During a public meeting at Village Hall on Monday, July 18, Mayor Margot Garant presented to the board of trustees the options for the upland projects to stabilize the East Beach Bluff.
The Port Jefferson Country Club, a village-owned property, is now at risk of losing its clubhouse as coastal erosion has withered away the bluff. Without remediation, the clubhouse is likely to fall off the cliff within years.
Proposals to address the problem have been hotly contested by the public, with one faction favoring preserving the clubhouse and the other favoring a retreat plan. During the meeting, the mayor presented the board with both options, outlining the logistics and some of the expected costs for each.
The upper wall
The first option is a 47-foot-deep steel wall between the clubhouse and the edge of the cliff. This wall would be capped by timber, which Garant said would be safer, cheaper and more aesthetically appealing than a concrete cap.
To slow further erosion, the plans include extensive revegetation of the bluff. This would also avert additional expenses related to drainage.
“When this is installed with all of that vegetation, you’re not going to need any more drainage because that wall will become a stopgap and the vegetation will just soak everything up,” Garant said.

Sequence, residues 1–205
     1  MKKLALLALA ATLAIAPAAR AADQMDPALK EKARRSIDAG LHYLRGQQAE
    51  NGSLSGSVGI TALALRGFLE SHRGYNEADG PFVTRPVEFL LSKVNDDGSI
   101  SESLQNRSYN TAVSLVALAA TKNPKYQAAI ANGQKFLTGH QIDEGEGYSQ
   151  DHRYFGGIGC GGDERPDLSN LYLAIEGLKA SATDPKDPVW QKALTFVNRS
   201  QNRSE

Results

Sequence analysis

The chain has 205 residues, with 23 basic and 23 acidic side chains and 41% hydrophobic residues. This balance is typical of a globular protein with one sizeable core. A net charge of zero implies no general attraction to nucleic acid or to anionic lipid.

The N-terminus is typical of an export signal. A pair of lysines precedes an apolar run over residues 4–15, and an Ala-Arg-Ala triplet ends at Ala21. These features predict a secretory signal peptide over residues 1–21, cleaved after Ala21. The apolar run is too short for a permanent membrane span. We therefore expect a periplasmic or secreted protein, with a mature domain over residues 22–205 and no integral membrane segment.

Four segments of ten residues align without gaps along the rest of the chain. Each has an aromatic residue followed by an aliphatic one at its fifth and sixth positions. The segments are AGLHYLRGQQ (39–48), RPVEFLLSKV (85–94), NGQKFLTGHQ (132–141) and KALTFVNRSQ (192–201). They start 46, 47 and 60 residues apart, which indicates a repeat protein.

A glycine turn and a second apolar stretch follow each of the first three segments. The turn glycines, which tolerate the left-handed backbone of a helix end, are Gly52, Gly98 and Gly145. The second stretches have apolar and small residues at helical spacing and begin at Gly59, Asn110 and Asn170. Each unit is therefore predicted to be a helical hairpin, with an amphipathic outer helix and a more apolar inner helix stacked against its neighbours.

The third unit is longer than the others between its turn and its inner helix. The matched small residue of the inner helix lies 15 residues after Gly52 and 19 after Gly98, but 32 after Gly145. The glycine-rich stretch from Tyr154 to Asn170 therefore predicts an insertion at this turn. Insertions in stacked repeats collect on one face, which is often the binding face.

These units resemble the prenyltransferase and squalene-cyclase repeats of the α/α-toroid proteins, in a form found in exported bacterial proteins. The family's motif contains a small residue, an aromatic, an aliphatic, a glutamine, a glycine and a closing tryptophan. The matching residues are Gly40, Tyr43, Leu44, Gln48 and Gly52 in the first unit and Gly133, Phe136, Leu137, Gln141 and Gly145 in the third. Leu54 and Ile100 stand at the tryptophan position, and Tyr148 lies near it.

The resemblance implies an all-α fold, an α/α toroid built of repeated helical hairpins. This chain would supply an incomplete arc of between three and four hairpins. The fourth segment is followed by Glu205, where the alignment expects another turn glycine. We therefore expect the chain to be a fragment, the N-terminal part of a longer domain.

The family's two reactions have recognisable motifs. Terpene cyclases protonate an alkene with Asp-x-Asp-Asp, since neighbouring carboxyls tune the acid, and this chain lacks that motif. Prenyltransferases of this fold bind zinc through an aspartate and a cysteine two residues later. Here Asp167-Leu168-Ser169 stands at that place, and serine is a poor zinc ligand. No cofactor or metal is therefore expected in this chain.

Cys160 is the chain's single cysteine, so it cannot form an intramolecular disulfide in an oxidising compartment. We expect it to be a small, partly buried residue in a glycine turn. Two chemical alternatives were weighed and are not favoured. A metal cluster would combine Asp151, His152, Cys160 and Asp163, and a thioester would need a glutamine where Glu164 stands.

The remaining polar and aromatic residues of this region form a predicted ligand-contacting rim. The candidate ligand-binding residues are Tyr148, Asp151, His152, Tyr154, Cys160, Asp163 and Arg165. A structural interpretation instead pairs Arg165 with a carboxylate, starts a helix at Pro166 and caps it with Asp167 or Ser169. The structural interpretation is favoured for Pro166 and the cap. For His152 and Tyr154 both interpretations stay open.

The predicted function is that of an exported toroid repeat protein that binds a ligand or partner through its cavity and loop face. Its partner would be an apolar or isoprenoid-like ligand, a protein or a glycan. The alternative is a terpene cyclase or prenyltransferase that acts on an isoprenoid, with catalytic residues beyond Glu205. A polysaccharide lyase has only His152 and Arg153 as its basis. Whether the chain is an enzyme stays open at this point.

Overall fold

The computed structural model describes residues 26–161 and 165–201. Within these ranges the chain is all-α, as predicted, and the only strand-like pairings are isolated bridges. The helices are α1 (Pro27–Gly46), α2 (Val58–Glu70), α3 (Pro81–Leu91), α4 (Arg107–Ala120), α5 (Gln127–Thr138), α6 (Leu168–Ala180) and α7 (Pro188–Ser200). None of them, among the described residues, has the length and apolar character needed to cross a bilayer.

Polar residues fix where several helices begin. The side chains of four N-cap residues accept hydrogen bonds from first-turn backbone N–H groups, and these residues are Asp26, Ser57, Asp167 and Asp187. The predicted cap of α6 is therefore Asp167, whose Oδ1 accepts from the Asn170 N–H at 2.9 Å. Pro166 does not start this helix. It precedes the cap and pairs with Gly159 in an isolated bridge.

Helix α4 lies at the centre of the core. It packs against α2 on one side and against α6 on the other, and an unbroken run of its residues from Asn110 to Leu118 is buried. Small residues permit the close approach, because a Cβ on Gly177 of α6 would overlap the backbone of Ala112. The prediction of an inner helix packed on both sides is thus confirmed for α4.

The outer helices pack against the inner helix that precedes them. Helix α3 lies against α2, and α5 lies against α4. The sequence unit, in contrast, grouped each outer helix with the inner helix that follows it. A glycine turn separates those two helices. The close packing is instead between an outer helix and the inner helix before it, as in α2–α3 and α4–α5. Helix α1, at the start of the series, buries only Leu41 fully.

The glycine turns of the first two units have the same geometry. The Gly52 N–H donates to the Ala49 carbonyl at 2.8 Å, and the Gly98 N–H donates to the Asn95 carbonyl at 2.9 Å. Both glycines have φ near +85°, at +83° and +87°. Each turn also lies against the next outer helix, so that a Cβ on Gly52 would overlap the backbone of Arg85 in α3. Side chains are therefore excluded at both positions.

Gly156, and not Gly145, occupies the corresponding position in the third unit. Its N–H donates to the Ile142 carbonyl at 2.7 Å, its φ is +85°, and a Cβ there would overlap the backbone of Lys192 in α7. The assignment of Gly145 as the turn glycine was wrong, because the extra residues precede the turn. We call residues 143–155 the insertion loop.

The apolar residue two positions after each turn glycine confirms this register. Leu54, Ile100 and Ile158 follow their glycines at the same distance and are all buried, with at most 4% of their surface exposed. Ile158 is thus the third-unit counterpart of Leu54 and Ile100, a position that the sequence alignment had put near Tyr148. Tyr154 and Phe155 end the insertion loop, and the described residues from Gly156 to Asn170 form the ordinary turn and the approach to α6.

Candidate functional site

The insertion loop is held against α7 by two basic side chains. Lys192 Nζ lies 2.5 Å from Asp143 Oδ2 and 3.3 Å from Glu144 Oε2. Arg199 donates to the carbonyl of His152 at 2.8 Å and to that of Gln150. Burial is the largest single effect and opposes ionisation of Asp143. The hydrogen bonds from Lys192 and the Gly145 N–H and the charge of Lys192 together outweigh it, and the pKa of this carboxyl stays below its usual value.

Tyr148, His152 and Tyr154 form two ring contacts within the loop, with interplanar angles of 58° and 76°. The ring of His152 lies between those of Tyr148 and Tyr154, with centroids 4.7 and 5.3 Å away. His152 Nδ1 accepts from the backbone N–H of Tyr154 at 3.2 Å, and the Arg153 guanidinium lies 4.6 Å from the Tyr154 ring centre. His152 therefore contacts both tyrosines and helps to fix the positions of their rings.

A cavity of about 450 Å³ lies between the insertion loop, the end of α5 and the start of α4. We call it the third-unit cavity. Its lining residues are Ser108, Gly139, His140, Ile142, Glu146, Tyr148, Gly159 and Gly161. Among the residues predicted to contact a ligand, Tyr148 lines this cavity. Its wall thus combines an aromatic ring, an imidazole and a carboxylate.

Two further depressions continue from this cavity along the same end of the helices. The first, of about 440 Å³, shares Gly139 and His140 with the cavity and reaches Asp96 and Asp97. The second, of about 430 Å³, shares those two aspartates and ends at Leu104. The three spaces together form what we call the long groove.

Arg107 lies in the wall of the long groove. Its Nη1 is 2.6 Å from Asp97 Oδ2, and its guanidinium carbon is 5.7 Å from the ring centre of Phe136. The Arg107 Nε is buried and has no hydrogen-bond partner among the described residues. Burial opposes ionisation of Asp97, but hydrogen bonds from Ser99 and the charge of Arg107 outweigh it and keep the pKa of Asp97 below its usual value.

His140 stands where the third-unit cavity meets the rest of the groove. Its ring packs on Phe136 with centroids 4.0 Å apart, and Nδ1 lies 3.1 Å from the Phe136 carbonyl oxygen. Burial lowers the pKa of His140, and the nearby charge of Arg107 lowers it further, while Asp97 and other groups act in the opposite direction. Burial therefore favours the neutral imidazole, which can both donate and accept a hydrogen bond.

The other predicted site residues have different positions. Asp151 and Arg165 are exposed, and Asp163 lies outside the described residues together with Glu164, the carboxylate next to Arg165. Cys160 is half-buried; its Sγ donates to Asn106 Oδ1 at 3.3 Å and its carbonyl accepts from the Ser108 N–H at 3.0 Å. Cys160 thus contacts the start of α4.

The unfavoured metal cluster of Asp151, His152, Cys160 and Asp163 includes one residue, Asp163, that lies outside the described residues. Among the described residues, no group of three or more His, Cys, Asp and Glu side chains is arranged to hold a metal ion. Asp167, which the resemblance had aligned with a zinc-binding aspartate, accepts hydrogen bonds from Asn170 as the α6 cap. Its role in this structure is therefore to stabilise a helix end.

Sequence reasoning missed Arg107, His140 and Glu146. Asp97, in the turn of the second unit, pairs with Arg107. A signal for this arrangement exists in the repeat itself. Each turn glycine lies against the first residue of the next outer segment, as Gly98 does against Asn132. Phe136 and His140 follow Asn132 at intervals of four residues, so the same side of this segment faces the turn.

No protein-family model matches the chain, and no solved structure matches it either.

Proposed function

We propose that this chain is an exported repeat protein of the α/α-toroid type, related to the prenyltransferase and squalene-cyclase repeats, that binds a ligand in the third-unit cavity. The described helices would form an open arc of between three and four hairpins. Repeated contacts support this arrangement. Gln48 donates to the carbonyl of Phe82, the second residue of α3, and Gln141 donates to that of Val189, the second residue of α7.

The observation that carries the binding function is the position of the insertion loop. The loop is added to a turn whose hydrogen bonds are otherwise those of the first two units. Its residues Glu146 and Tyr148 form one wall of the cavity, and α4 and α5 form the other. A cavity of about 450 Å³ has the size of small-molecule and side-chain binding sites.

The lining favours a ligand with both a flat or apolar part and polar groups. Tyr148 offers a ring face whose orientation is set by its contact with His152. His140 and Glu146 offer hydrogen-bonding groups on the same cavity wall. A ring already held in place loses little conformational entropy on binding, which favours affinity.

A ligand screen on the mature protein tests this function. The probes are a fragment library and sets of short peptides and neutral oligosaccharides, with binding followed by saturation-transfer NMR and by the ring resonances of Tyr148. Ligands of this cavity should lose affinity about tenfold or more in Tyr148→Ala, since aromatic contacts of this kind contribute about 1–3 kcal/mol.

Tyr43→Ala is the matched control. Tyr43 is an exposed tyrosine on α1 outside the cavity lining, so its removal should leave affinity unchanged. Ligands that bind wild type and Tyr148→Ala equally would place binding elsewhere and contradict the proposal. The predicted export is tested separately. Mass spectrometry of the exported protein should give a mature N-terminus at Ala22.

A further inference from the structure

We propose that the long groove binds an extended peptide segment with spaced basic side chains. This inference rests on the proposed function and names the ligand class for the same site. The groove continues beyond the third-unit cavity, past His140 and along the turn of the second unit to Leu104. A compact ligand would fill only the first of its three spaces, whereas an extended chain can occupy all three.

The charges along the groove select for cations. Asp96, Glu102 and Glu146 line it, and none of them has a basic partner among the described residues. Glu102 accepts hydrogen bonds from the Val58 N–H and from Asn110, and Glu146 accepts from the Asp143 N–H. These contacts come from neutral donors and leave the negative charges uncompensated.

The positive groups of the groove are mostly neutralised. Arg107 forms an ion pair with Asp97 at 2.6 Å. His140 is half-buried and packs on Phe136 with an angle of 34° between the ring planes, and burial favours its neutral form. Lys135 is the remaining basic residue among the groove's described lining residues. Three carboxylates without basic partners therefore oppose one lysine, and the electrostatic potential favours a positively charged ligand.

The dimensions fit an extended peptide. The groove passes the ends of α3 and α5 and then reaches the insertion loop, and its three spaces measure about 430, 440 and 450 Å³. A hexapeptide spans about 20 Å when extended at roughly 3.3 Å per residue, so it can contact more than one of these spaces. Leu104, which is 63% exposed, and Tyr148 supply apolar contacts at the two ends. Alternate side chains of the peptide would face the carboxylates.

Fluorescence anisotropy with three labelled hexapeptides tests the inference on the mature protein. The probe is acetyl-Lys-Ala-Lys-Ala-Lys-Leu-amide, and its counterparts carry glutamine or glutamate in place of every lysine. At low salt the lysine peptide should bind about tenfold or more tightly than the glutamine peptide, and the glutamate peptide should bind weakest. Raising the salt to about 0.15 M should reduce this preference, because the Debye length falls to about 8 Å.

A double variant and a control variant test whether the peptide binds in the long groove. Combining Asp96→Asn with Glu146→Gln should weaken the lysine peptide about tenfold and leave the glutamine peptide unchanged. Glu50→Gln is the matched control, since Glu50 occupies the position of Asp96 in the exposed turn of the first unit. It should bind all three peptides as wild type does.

The conceptual layout of the planned design also accommodates two regulation-size tennis courts along with three pickleball courts.
Garant said this project would be approached in two phases. The first phase involves a section of wall aimed at preserving the clubhouse, while the second involves an extension of the wall for racket sports amenities.
Still without hard figures on the expected cost of the wall, Garant recommended that the board move forward with exploring this option. “I recommend putting the upper wall out to bid and getting a hard number on that,” she said.
The alternative proposal involves the demolition of the current clubhouse, immediate installation of a drainage system along the bluff, and the renovation and expansion of The Turn pub and grub facility to accommodate the existing clubhouse operations.
This retreat plan, based on an estimate provided to the mayor, would cost the village approximately $5 million to $6 million.
The board is likely several weeks away from making any decisions on this matter.
For additional background, see The Port Times Record’s April 7 story, “On the edge: Port Jeff Village weighs the fate of country club.”